Remote Chance: Señor Williams Makes Connections in New Platform 


Dennis Racket

Making It Work: Like so many other teachers at North Atlanta, Señor Tom Williams — who teaches IB Spanish — has had to adapt and thrive in a Zoom School platform.

With the transition to online school, even some of the most experienced teachers can feel like the new kids on the block. Going into his 12th year at North Atlanta and his 24th year as an educator overall, the move to “Zoom School” has certainly been a novel experience for IB Spanish teacher Thomas Williams. The experienced teacher said the remote-education setting can even make him feel like a first-year teacher all over again. For Williams, navigating the online school process has included working through the rigors of Zoom breakout rooms and limiting distractions in his home — in his case his rambunctious three young children and an equally rambunctious dog. But nevertheless, he persists through these newfound challenges, always trying to get the best out of his students.

Williams’s teaching path started with his undergraduate studies at the University of Georgia where he obtained a degree in comparative literature. A one-time English-Language Arts teacher, Williams learned Spanish when he moved to Bogota, Colombia, in his early-20s for a life adventure and to teach English. While in South America he developed his love for the Spanish language and Latin American culture. After those adventures, he moved to New York City, and it was there he became certified to become a teacher. Williams, who holds certifications in both ELA and Spanish, has called Atlanta Public Schools his teaching home for the last 18 years. He first taught at Maynard Jackson High School and then transferred to North Atlanta (in what school 2009. For many years here he has taken on the rigors of teaching Spanish to juniors and seniors in the IB Diploma Programme. “I became a teacher because I wanted to have a positive impact on my students,” Williams said. “And the cool thing is that every day you really get a sense that you’re doing that.”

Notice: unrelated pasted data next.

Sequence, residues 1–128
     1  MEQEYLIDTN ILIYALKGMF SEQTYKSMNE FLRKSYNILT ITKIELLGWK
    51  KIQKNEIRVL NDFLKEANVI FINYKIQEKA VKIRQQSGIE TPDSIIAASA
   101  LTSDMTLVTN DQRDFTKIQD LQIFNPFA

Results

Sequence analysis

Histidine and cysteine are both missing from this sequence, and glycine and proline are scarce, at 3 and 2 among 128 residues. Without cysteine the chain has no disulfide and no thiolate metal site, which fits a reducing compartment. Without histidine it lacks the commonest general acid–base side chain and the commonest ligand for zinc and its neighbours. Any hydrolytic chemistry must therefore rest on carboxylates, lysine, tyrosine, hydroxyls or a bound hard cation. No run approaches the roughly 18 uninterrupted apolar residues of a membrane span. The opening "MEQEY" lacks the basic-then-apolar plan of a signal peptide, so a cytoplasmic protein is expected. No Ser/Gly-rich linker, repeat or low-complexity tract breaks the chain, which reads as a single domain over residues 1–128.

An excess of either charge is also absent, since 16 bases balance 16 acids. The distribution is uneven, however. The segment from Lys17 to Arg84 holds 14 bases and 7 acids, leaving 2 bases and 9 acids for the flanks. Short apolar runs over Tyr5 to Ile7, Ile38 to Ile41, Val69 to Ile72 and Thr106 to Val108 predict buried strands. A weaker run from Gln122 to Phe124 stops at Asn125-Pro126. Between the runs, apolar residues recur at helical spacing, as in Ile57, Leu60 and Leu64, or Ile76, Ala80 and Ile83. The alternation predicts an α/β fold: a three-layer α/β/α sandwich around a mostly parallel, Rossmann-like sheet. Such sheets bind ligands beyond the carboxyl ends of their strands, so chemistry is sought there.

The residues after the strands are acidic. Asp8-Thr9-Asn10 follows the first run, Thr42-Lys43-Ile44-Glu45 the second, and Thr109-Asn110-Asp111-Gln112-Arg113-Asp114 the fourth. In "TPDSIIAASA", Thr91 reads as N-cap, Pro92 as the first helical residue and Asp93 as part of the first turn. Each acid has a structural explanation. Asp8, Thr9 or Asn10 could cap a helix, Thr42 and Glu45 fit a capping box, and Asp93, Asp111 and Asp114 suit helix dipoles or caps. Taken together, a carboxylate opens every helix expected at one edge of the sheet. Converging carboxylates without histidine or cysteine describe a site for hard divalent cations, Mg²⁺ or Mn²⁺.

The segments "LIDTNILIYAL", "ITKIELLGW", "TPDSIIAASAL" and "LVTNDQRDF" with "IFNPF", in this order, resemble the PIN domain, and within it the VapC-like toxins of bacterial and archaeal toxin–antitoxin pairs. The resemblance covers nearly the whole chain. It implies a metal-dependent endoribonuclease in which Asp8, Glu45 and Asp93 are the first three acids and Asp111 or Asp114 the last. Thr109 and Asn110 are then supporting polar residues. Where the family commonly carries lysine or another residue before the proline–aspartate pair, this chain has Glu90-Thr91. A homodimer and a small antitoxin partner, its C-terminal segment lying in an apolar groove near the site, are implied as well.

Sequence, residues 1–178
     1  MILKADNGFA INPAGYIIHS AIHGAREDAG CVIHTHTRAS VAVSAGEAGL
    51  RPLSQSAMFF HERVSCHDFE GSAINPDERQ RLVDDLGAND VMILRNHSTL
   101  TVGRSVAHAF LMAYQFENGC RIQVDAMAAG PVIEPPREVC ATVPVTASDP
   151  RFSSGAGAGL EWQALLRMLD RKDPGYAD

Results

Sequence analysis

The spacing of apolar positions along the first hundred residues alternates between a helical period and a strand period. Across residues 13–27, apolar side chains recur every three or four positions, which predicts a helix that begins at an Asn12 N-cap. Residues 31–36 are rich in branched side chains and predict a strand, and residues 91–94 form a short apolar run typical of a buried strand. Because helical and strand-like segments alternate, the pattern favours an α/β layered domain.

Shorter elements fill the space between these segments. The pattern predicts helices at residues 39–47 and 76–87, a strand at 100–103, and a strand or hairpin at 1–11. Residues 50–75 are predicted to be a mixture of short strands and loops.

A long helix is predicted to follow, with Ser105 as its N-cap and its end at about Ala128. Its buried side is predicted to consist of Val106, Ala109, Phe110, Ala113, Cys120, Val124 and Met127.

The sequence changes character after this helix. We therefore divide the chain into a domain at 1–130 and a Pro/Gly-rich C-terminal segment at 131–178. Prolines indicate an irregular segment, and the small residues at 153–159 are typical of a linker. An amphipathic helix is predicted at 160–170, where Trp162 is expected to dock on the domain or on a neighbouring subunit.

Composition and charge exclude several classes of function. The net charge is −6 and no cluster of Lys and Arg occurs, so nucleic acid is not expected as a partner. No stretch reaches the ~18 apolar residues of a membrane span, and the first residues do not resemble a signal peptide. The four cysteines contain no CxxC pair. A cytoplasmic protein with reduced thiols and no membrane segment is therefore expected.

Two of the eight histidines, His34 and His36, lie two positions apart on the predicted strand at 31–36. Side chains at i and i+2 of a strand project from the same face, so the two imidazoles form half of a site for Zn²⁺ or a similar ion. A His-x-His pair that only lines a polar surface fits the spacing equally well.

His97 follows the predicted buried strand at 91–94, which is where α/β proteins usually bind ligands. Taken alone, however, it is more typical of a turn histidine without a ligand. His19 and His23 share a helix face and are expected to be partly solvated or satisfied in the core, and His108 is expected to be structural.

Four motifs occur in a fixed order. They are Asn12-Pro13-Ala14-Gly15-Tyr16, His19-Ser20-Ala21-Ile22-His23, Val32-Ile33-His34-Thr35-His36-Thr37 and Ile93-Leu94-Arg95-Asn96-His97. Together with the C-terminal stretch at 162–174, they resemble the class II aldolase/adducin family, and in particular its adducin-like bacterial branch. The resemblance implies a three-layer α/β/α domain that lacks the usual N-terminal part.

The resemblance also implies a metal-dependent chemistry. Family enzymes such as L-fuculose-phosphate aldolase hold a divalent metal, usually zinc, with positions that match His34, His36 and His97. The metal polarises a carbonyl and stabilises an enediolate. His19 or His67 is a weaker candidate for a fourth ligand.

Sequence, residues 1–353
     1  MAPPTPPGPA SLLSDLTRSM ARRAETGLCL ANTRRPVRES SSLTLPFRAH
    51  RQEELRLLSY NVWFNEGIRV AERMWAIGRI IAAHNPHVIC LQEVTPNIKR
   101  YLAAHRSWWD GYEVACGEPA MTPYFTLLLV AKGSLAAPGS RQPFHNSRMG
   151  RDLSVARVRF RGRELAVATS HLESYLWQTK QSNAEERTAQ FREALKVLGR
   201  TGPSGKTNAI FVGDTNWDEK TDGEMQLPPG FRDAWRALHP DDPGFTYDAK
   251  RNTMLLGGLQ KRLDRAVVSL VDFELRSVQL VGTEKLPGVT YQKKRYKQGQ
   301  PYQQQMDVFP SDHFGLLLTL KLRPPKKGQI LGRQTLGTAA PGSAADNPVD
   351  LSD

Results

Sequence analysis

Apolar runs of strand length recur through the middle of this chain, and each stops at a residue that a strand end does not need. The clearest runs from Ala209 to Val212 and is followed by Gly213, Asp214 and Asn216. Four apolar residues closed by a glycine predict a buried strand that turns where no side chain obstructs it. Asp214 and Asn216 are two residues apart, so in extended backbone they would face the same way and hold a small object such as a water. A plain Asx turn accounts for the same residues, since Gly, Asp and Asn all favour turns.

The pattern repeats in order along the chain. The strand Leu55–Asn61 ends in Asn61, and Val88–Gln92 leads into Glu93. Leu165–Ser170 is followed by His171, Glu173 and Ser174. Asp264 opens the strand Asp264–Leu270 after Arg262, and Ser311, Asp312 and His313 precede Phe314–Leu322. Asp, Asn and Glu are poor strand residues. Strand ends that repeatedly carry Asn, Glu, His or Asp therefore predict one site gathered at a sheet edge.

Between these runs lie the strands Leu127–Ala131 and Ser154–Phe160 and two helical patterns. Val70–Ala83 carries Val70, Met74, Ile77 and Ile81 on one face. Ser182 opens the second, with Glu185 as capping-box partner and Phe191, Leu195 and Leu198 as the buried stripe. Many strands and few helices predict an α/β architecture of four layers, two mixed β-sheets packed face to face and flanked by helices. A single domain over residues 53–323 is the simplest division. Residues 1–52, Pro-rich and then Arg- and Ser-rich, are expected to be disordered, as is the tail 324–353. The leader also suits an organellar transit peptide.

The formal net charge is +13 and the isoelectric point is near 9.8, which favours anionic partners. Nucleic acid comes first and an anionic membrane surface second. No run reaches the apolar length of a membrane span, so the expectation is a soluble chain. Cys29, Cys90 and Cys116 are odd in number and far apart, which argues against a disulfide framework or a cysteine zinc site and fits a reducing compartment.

Early on in this current pandemic-impacted school year, Williams — like all of his colleagues — had to figure out the ins and outs of the district’s robust remote-education learning platforms. But what’s been hardest for a sociable teacher like Williams, he said, has been the curtailed abilities Zoom gives for getting to know his students. The screen does not allow for discussions about future aspirations and goals. Williams said he’s missed walking around his classroom and talking with students, both individually and in small groups. “Teachers have to give up a lot of control and have faith that students are trying to learn the material,” Williams said. “It’s all so different.”

Williams goal with the Spanish language has always been to make his students feel comfortable enough to learn the language. Learning a secondary language requires taking a risk, and Williams says that students won’t be able to take this risk if they aren’t comfortable in the classroom.

When he was younger, Williams said he was blessed to be surrounded by teachers who had a big impact on his life. He quickly became aware of how important it was for young children and students to have adults outside of their parents in their lives, both working with and advocating for them. Whether it be in the classroom or through a computer screen, Williams has always worked hard to fulfill this role for his students.